Behind Iran-Iraq rift: a 1975 pact

Iraq's immediate aim in its escalated dispute with Iran is to take back concessions made to Iran in 1975. That much is clear from the scene of latest border clashes between the two countries: their common land frontier over a long stretch southward from where the Tehran-Baghdad road crosses it; and the Shatt Al-Arab estuary, much farther to the south, which provides shipping access to Iraq's only major port and Iran's major oil refinery at Abadan.

These areas were at the center of the 1975 agreement.

Beyond this immediate aim, the much bigger long- term Iraqi purpose is threefold:

1. To make Baghdad the dominant power center in the Arab Middle East.

2. As part of this broad purpose, to replace the non-Arab Iran as the dominant power in the Gulf.

3. To undercut any countereffort by revolutionary Shia Islam in Iran to subvert Iraq through the latter's big Shia Muslim community.

Back in 1975, when Iraq made the concessions to Iran that it now wants to take back, Iraq was on the defensive and Iran was on the offensive. Iraq was bogged down in a no-win war with its Kurdish minority and Iran (in the person of the Shah) was well on the way to filling the vacuum in the Gulf following the British withdrawal from east of Suez.

Today, things are reversed. Iraq is on the offensive, Iran on the defensive -- because revolutionary turmoil within Iran has shattered authority at the center and left the armed forces in disarray.

When it comes to the Kurds, the shoe is also on the other foot. Today, Iranian Kurds are as open to subversion from Iraq as, in the early 1970s, Iraqi Kurds were from Iran. In 1975, a relatively weaker Iraq was willing to pay Iran a price to get it to withdraw support from the Kurdish insurrection within Iraq. That price was: first to concede Iranian sovereignty over half of the Shatt Al-Arab estuary and waterway, over which Iraq had claimed entire control; and second, to delineate on the basis of the 1913 Protocol of Constantinople approximately 670 positions, some in contention, on the Iraqi-Iranian border.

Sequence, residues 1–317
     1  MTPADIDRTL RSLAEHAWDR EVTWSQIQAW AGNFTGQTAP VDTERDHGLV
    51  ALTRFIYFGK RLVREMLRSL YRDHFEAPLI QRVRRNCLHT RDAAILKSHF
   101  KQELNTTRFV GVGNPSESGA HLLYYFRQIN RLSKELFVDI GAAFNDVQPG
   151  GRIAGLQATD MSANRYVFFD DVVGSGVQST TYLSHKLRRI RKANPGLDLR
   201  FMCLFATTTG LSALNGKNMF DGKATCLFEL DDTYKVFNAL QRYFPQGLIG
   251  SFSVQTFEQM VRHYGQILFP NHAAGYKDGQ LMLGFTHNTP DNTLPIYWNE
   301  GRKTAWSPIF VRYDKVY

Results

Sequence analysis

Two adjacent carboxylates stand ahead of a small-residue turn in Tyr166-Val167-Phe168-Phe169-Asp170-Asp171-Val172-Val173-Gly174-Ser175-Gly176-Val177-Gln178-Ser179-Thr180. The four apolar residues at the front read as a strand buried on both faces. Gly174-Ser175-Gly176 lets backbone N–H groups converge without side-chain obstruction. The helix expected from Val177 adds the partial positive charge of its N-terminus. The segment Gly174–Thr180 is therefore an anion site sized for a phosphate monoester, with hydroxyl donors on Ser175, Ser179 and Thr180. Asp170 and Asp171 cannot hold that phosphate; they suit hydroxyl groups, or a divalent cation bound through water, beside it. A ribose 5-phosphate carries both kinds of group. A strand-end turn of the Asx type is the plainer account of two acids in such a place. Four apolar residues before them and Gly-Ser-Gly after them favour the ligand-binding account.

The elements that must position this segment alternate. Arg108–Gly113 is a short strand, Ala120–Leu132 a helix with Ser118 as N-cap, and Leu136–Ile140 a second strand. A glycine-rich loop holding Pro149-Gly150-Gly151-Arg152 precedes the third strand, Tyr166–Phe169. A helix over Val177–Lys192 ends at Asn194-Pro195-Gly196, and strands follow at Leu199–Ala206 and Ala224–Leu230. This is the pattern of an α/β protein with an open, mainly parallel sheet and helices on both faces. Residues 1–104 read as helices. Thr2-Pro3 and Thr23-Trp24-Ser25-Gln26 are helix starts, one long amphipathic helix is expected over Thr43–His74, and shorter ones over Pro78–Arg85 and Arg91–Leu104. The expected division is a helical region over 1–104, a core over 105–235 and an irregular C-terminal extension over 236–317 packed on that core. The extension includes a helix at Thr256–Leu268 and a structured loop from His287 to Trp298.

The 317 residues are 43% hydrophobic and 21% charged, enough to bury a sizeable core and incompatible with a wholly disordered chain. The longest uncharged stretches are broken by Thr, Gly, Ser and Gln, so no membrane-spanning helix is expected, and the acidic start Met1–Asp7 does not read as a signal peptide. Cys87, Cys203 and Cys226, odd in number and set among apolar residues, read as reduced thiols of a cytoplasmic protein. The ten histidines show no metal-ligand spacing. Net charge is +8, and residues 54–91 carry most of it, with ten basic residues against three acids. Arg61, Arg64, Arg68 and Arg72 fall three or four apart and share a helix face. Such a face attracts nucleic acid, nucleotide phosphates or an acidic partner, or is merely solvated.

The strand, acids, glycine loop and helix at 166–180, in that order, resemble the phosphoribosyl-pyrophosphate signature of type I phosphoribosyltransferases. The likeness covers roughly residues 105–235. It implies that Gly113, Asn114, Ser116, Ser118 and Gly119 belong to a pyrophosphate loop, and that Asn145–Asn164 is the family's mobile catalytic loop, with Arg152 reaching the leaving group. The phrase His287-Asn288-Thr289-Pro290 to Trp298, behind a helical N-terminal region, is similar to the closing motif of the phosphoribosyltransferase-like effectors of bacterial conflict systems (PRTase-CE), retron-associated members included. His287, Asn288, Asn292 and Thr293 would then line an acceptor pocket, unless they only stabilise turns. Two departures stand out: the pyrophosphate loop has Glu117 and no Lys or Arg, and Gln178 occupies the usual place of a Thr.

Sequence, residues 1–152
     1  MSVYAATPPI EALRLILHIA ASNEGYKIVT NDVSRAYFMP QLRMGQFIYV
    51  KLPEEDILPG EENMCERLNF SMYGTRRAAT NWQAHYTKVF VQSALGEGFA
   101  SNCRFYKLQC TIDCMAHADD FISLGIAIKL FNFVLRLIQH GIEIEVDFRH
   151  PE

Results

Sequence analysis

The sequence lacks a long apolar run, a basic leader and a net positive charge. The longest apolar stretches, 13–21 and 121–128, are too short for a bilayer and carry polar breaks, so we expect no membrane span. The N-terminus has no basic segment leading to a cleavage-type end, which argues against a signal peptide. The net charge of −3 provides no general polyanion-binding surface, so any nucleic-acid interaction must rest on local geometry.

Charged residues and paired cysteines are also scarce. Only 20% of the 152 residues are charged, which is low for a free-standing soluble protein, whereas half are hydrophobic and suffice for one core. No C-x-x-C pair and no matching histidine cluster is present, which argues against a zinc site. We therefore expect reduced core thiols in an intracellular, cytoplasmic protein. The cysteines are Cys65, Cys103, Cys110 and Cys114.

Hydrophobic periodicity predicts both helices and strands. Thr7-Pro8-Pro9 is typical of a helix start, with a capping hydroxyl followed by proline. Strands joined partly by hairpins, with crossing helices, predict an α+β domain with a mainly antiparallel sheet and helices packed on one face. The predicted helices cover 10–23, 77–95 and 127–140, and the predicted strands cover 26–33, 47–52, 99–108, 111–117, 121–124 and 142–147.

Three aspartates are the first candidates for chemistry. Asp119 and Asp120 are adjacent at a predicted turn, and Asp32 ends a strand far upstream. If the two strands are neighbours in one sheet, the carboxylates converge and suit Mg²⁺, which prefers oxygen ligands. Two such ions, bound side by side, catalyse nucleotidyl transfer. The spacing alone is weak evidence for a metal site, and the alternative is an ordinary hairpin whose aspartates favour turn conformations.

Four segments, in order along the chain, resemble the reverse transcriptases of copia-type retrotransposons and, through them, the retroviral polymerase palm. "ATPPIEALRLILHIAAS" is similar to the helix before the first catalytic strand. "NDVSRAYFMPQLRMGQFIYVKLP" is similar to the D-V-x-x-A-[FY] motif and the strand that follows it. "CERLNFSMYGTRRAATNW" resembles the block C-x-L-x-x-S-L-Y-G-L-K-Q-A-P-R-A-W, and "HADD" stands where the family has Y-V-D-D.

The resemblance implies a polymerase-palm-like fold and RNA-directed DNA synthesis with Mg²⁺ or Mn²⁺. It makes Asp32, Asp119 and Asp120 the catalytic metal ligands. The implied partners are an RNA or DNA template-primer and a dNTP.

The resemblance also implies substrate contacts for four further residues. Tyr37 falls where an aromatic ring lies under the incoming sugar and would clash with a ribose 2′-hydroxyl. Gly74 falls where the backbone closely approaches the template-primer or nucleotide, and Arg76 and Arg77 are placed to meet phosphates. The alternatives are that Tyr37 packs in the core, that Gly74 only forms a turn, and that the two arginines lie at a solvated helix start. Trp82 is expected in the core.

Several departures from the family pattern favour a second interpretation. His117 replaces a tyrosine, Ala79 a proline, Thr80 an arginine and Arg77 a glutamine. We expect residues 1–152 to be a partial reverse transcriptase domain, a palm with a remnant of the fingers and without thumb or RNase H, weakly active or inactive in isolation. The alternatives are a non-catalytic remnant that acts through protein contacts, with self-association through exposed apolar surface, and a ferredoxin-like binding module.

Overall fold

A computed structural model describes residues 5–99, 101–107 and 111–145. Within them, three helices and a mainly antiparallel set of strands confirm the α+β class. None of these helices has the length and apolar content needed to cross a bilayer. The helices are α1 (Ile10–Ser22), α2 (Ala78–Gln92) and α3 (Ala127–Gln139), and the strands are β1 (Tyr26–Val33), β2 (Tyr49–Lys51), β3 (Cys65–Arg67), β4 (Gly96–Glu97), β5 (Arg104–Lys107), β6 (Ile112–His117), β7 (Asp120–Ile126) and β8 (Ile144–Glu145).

This is the agreement that Iraqi strong man Saddam Hussein has abrogated this month and is now trying to undo on the ground.

This is why he is telling foreign merchantmen approaching Iranian ports on Shatt Al-arab to fly the Iraqi flag in acknowledgment of restored Iraqi sovereignty over the width of the waterway -- and why gunboats of the two countries have begun to shoot at each other.

This, too, is why in the north, in positions subject to the 1975 agreement, Mr. Saddam claims to have recaptured from the Iranians territory wrongfully held by them.

But it is the Shatt Al-Arab that is the more sensitive area. An Iraq trying to assert its primacy in the Gulf is inhibited if access by water to its only major GulF outlet at Basra is at the mercy of a sovereignty shared with neighboring and endemically hostile Iran.

Yet Iran, having acquired by the 1975 agreement a right to share that sovereignty, will not willingly relinquish it and return to Iraqi control sea access to the important Iranian ports of Khorramshahr and Abadan -- the latter with its huge oil-refinery complex.

For Iran, there is the added threat from Arab Iraq to the entire Iranian province of Khuzestan. The latter (called Arabistan by Arabs) is the home not only of Iran's oil industry but also of its considerable Arab minority. The latter is naturally susceptible to subversion from a neighboring Arab state.

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